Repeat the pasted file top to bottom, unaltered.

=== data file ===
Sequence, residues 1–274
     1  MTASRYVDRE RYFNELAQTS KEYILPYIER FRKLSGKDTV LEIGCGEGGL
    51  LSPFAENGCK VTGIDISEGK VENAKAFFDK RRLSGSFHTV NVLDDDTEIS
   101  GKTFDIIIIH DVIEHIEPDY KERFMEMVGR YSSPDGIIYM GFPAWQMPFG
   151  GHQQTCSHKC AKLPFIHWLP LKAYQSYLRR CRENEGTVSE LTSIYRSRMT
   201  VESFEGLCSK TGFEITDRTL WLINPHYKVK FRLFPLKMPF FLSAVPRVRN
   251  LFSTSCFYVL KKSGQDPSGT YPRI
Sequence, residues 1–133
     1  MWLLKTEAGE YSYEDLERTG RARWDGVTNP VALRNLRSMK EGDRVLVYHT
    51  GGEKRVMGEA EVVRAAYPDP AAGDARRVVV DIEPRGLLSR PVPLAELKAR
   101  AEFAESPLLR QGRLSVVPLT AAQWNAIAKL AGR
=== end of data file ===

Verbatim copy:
Sequence, residues 1–274
     1  MTASRYVDRE RYFNELAQTS KEYILPYIER FRKLSGKDTV LEIGCGEGGL
    51  LSPFAENGCK VTGIDISEGK VENAKAFFDK RRLSGSFHTV NVLDDDTEIS
   101  GKTFDIIIIH DVIEHIEPDY KERFMEMVGR YSSPDGIIYM GFPAWQMPFG
   151  GHQQTCSHKC AKLPFIHWLP LKAYQSYLRR CRENEGTVSE LTSIYRSRMT
   201  VESFEGLCSK TGFEITDRTL WLINPHYKVK FRLFPLKMPF FLSAVPRVRN
   251  LFSTSCFYVL KKSGQDPSGT YPRI
Sequence, residues 1–133
     1  MWLLKTEAGE YSYEDLERTG RARWDGVTNP VALRNLRSMK EGDRVLVYHT
    51  GGEKRVMGEA EVVRAAYPDP AAGDARRVVV DIEPRGLLSR PVPLAELKAR
   101  AEFAESPLLR QGRLSVVPLT AAQWNAIAKL AGR